BEIJING — The World Health Organization has not even released its final report exploring the origins of Covid-19, and yet it’s the subject of a fresh rift between China and the United States, with the embattled health organization in the middle.
The WHO led a four-week, fact-finding mission in China to try to find out more about where the coronavirus came from.
The tour has been dogged by questions over whether Chinese officials have been fully transparent and cooperative in releasing data, and whether the WHO team members have been fully independent and impartial when it comes to dealing with their host country.
“It’s kind of disappointing that it’s come to controversy already — the report is not even out,” Peter Daszak, a member of the mission who is also president of the EcoHealth Alliance, a New York nonprofit focused on emerging infectious diseases, told NBC News on Monday. “I hope the politics steps to one side and lets the science speak for once. We’ve done enough politicking around this pandemic.”
Over the weekend, the administration of President Joe Biden questioned not only the actions of the Chinese government, but also the conduct of the WHO team itself.
“We have deep concerns about the way in which the early findings of the Covid-19 investigation were communicated and questions about the process used to reach them,” national security adviser Jake Sullivan said in a statement Saturday.
The Chinese Embassy in Washington hit back, accusing the U.S. of “pointing fingers at other countries who have been faithfully supporting the WHO.”
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That was a reference to former President Donald Trump’s withdrawal from the WHO after he accused it of being “a puppet of China.” Trump was not alone in some of his criticisms, with plenty of other experts alleging Chinese officials initially covered up aspects of the virus, and that the WHO was too credulous in believing and then amplifying Beijing’s reassurances.
On Monday, Tedros Adhanom Ghebreyesus, the WHO’s director-general, defended the WHO-led team, whose experts comprise a range of organizations and nationalities.
“Whatever conclusions that come, these are independent experts,” Tedros told a press conference. “We don’t tell them what to do, they will present their independent report.”
The latest barbs came after several media reports, including The New York Times, suggested Chinese officials had pressed the team to accept Beijing’s narrative about the source of the virus and refused to hand over key data, including blood samples that could give vital information about how widely the virus might have been circulating in China in 2019.
The waters were muddied further over the weekend, when one of the WHO team members who was quoted in these reports tweeted that her words had been “twisted, casting shadows over important scientific work.”
Daszak again poured cold water on those reports, saying it was an “open and transparent process” and criticizing the preemptive political reaction.
“They’ve not seen what’s in the report, read the report, and then we’ll talk about whether it’s enough, or whether more needs to be done,” he said. “You know, I really hope that we’re going to leave the politics of the Trump era behind.”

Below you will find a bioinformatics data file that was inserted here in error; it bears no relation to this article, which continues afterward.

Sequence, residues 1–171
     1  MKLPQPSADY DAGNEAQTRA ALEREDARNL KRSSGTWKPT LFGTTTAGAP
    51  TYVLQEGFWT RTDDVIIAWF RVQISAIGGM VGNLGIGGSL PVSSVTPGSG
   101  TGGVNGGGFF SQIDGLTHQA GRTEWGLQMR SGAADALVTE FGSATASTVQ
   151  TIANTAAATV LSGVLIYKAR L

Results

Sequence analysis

He added, “It’s not fruitful, it’s not useful. It’s politics. And what we need now is science. So let the report come out. And then let’s talk.”
He confirmed there had been “heated discussions” between the WHO team and their Chinese counterparts but characterized them as no different than the discussions that are found in many teams of scientists. “We had robust discussions, for sure,” he said. “But we have a consensus. I think that’s a really important point.”
The WHO team was never expected to find anything that definitely proved where the virus came from.
“It’s not realistic to expect that we will come out of this after and be like: here it is,” said Marion Koopmans, a WHO team member and Dutch virology professor at the Erasmus University in Rotterdam. She was speaking with NBC News during the fact-finding mission in Wuhan earlier this month. “It takes time. And that doesn’t mean things are covered up.”
But this week, Daszak said they were able to glean a “huge amount of new information.”
While he said that it was “extremely unlikely” to have escaped from the Wuhan Institute of Virology, one theory pushed by Trump and others, he did not discount the idea that the virus traveled inside frozen food packaging. Not widely supported by experts outside China, this theory has allowed the country’s state-controlled media to suggest that the virus originated elsewhere.
A far more likely explanation centered around the Wuhan market, according to Daszak. At least 10 vendors were selling animals that can carry coronaviruses, and their supply chains led to farms in southern China where bats carry close relatives of this virus, he said.
“It’s a gun without the smoke,” Daszak said. “It is as clear as day to me that that’s a plausible pathway, and to most of the team.”
He added, “It was a resounding unanimous, yes, this is the most likely pathway from everyone in the room, including on the China side too.”
Janis Mackey Frayer reported from Beijing and Alexander Smith reported from London.
Janis Mackey Frayer
Janis Mackey Frayer is a Beijing-based correspondent for NBC News.
Alexander Smith is a senior reporter for NBC News Digital based in London.